Economic Times and Technology Continue to Impact the Real Estate Market

Economic times are shifting, technology continues to evolve and the real estate market has become one of the most popular topics of discussion for most people.  The bubble talk is beginning to surface once again.   Many economic sectors are beginning to discuss the increased values in the real estate market and are utilizing a limited perspective of increasing mortgage interest rates to determine their opinions.  Moreover, many are referencing the same 2 elements with the most recent recession an hinting at a repeat of what happened a little over 10 years ago.  That limited approach to the actual real estate market is completely wrong method of forecasting.  Anyone thinking they should wait for prices to drop before considering buying their first home or additional investment properties will be at a loss going forward.  See why below!

The illustration below clearly illustrates record low interest rates when looking at the 30 year history as reported by Freddie Mac courtesy of FRED (the Federal Reserve Economic Data of St. Louis).  Note the shaded areas of this 30 year illustration indicates a recorded recession.

Looking back at median home prices since 1964, there was only one noticeable anomaly associated with over-inflated home prices.  Clearly that anomaly took place just before the most recent recession.  Aside from this recent anomaly, the median home prices have increased at about 4-5% annually.  Current home prices fall well within that normal trend.  See illustration below.

Both nationally and locally, the real estate market appears to be approaching normalcy.  The US economy is strong, unemployment is low, buyer demand is extremely high and growing and the housing supply is at record low.  Also, new construction cannot keep up with the demand.

Additional factors that support modest 3-5% growth in home prices for the next few years:

  • Existing Home Inventory Supply is less than 3 months regionally.  The magic number historically is 6 months.  Typically anything less than 6 months supply supports a growing sellers market and anything above 6 months supply supports a declining buyers market.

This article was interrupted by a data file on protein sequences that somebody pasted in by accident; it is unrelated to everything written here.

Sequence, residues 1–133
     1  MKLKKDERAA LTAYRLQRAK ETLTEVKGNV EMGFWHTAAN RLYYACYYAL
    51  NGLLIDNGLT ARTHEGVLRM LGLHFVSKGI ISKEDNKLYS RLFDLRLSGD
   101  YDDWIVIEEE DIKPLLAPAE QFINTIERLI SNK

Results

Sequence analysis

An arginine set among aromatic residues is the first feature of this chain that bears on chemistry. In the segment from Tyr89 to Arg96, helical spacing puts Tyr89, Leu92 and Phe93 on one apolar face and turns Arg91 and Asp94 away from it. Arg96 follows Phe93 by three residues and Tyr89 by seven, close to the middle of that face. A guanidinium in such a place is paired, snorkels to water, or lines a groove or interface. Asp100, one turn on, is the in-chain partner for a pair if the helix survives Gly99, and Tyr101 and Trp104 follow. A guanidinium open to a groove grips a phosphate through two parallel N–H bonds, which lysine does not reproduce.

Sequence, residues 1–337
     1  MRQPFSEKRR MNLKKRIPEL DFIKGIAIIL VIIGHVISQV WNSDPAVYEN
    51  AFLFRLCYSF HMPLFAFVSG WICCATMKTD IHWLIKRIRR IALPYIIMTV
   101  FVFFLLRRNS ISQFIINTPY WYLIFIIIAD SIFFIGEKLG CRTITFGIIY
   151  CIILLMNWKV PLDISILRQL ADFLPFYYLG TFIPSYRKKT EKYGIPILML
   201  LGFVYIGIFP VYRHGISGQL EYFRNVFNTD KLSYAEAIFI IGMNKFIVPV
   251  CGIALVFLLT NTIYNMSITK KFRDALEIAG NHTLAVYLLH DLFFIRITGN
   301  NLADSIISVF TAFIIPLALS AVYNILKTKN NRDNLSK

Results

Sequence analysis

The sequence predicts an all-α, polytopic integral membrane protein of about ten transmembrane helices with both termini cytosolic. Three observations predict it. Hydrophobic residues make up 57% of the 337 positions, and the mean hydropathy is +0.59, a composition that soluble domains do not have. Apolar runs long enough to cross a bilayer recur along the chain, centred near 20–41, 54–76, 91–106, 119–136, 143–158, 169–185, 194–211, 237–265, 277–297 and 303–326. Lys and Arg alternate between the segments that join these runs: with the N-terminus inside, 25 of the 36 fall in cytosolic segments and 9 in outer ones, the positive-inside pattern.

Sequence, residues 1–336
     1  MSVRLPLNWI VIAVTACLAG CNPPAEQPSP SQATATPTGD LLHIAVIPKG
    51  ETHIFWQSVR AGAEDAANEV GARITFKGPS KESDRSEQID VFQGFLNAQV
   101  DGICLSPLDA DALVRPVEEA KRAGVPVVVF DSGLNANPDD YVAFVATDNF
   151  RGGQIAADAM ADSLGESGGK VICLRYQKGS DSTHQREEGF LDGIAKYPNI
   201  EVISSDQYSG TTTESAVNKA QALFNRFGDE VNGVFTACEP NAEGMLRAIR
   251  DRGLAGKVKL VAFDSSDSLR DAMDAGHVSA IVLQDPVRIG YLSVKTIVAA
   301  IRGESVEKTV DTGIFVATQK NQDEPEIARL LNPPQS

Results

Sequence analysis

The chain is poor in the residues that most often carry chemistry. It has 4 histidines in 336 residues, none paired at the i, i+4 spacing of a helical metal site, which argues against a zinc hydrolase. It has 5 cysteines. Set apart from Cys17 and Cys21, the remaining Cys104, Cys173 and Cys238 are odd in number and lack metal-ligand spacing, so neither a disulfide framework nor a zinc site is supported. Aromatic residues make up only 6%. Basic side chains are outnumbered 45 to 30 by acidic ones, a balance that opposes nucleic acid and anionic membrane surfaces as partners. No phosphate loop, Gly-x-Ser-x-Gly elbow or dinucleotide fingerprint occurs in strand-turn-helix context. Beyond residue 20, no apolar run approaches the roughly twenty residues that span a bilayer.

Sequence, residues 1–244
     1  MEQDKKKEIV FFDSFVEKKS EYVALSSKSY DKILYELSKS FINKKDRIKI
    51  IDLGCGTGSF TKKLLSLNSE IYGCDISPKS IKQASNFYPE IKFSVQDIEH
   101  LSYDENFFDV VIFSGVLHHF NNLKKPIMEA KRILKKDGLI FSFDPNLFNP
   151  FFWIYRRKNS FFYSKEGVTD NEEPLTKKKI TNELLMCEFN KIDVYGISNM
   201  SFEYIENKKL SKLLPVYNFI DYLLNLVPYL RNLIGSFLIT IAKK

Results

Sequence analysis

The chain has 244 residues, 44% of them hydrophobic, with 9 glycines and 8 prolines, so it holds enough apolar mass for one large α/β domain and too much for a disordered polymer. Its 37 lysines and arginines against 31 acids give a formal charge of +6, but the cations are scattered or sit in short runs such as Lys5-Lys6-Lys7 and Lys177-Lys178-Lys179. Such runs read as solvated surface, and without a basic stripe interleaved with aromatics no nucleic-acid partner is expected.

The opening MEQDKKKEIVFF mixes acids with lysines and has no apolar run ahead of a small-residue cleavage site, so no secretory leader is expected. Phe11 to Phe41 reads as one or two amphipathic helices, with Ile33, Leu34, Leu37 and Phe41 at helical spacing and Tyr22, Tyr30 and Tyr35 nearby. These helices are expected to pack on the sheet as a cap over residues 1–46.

• Housing supply nationally is the same as it was in 1994; however our nation has 63 million more people.
  • The average number of single family home starts according to the National Association of Realtors 50 year average is 1.2 million; yet we're only at 950,000.  New Construction has a ways to go to accommodate the housing needs and demands.
  • The gap between housing demand and supply has never been wider.
  • The GDP has soared to a record $18.57 Trillion USD.  That is one of the best measures of the US economy.
  • The mortgage interest forecast calls for slight increases, yet look at the illustration above to keep it all in perspective historically.  By no means is any economist calling for double digit interest rates with the nations growing economic strength.
  • Rent rates continue to soar to new highs quarterly during this sellers market.

In summary all indicators are supporting a continued growth/sellers market going forward with inventory levels growing slightly over the next few years.  Home prices will likely not achieve another year of double digit growth and will likely remain at the historical 3-5% annual growth norm until another significant economic event occurs.  For both 1st time home buyer and investors looking to buy more real estate; the sooner they get in the market, the better.  Consider this; whether renting or buying, someone is buying down the mortgage.  Finally, the gap between renting and buying has never supported the home affordability index to own a home like it does today. 

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